Pointer to Image

Chris Jankowski cjankowski at hbr-inc.com
Fri Oct 22 19:33:43 CEST 2004


Jeff Shannon <jeff at ccvcorp.com> wrote in message news:<10ng2p7eddu4b3a at corp.supernews.com>...
> Chris Jankowski wrote:
> 
> >    # [...]
> >    setLanguage = myOcr.SetLanguage
> >    setLanguage('ENGLISH',".")
> >
> >    setOutputMode = myOcr.SetOutputMode
> >    setOutputMode("OM_TEXT")
> >
> >    setOutputHandler = myOcr.OCRSetOutputHandler
> >    z = id(myOutputHandler)
> >    errorx = setOutputHandler(z)
> >    # [...]
> >
> 
> As a minor stylistic note, I find your constant use of temporary local 
> names of module functions to be distracting and even slightly 
> confusing.  When you actually *call* a function, it's not immediately 
> apparent whether that's a helper function that you've written yourself 
> or whether it's a function in your OCR module -- I have to backtrack to 
> see where the function came from, and I'm never quite sure whether I 
> will find it somewhere in the current code block (because you've bound 
> the imported function to a local name) or whether I should look 
> elsewhere in the current module (because it's a function you've defined 
> yourself).
> 
> I'd find the above code snippet *much* easier to read without the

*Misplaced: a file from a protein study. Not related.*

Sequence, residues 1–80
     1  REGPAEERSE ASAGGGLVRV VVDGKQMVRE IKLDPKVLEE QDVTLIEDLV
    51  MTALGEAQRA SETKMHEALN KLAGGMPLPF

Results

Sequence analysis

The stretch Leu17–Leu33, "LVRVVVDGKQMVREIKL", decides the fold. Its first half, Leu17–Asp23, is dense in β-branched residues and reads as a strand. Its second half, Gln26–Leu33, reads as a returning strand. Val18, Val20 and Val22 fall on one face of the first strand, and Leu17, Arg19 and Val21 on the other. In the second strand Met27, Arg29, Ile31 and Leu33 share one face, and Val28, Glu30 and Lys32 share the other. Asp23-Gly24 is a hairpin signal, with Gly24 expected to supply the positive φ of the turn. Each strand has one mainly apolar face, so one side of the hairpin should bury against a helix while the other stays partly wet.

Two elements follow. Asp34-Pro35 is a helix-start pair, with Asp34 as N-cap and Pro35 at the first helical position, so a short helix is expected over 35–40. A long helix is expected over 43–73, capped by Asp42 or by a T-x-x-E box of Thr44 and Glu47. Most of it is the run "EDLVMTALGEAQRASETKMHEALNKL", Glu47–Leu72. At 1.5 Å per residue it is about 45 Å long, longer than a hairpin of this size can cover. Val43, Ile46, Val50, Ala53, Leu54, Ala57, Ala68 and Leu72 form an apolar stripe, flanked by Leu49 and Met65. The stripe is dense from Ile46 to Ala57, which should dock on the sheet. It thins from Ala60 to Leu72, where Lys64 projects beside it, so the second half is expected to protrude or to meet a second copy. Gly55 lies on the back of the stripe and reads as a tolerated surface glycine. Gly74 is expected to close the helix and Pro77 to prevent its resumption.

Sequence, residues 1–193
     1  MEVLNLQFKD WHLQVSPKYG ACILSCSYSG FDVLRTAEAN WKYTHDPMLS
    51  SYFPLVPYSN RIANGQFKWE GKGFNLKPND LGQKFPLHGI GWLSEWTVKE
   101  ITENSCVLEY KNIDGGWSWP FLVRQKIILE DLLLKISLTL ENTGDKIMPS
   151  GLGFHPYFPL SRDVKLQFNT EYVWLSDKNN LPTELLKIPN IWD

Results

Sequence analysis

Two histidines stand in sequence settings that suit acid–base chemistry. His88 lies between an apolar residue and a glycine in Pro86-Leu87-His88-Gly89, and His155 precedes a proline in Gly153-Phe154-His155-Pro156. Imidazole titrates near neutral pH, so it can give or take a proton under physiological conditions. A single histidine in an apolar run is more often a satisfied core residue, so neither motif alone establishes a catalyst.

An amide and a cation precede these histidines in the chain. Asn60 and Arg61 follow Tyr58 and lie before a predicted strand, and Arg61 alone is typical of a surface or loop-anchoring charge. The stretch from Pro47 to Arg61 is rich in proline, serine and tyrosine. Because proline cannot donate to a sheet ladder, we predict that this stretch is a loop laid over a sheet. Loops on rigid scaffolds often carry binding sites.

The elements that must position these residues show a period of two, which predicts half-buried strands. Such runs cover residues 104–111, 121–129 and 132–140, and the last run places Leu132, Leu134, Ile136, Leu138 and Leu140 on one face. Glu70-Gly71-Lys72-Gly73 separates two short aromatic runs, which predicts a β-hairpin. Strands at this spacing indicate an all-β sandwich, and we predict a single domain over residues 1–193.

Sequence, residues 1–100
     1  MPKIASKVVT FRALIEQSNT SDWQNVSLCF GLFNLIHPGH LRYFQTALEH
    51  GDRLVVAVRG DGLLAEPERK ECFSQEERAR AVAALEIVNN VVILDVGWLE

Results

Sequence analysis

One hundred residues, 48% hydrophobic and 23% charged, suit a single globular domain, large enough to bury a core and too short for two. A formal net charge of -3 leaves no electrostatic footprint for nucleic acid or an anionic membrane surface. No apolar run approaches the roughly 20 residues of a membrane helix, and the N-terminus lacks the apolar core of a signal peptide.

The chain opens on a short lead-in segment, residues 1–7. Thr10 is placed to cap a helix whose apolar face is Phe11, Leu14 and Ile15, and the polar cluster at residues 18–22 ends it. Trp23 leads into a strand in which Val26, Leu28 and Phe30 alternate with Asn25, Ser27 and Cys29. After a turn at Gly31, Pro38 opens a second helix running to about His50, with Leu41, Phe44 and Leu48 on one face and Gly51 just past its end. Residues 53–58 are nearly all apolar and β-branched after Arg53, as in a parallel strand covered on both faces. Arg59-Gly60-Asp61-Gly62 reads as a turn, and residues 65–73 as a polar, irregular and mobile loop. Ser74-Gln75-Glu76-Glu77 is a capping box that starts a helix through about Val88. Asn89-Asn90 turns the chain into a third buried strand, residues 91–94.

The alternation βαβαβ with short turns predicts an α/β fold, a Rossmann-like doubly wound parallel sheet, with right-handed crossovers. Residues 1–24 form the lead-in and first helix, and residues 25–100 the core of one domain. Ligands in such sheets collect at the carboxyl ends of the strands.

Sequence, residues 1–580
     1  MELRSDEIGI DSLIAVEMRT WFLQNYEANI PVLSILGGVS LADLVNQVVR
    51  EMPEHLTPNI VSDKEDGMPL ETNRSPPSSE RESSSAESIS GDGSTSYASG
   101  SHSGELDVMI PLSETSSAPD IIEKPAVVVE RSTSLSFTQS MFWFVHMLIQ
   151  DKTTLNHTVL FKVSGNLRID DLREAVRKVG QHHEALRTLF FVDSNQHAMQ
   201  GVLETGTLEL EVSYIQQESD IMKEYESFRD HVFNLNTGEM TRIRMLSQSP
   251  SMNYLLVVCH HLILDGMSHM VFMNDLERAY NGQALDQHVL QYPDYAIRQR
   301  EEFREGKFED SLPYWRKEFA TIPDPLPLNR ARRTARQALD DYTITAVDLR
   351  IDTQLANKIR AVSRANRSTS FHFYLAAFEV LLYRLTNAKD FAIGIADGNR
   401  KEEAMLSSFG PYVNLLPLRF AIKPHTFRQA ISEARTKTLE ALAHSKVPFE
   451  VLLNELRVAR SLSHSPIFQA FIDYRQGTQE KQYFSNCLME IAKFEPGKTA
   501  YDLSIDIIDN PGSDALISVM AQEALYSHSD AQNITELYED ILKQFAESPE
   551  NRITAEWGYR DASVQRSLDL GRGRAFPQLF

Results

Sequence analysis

> temporaries:
> 
>     myOcr.SetLanguage('ENGLISH', ".")
>     myOcr.SetOutputMode("OM_TEXT")
>     errorx = myOcr.OCRSetOutputHandler( id(myOutputHandler) )
> 
> To my eyes, this makes it much more clear where everything is found, and 
> because it's so much shorter it's much easier to take in at a glance.
> 
> (I also share Thomas Heller's suspicion that passing the id() of 
> myOutputHandler() is *not* what you want to do here.  The ID is merely 
> an integer that Python uses internally to track an object; it is 
> typically not useful for code that wants to *use* an object to know what 
> its ID is.  You don't need to know your co-workers' social security 
> numbers in order to work with them effectively, right?  Similarly, a 
> Python object's ID is only needed in very special circumstances where 
> the exact identity of an object is in question, and it's *not* needed 
> for normal usage of an object such as being able to call a function object.)
> 
> Jeff Shannon
> Technician/Programmer
> Credit International

Hey Jeff,
Thanks for the pointers.  I am still new to Python and sometimes do
things the hard way, because I don't know any better.  (yet)  I just
copied this from the cytpes documentation and plugged in my variable
names.

The part that is confusing to me, still has not been answered.  

This DLL file has several functions. One is a handler that needs to be
set to a Python function.  How do I pass it an address to make this
happen?

def myOutputHandler(infotype, param):
    print("outhandler")
    if infotype == "OT_TEXT":
        print param
##[...]

myOcr.OCRSetOutputHandler(address of myOutputHandler?) ###
??????????????

Thanks,

Chris J.



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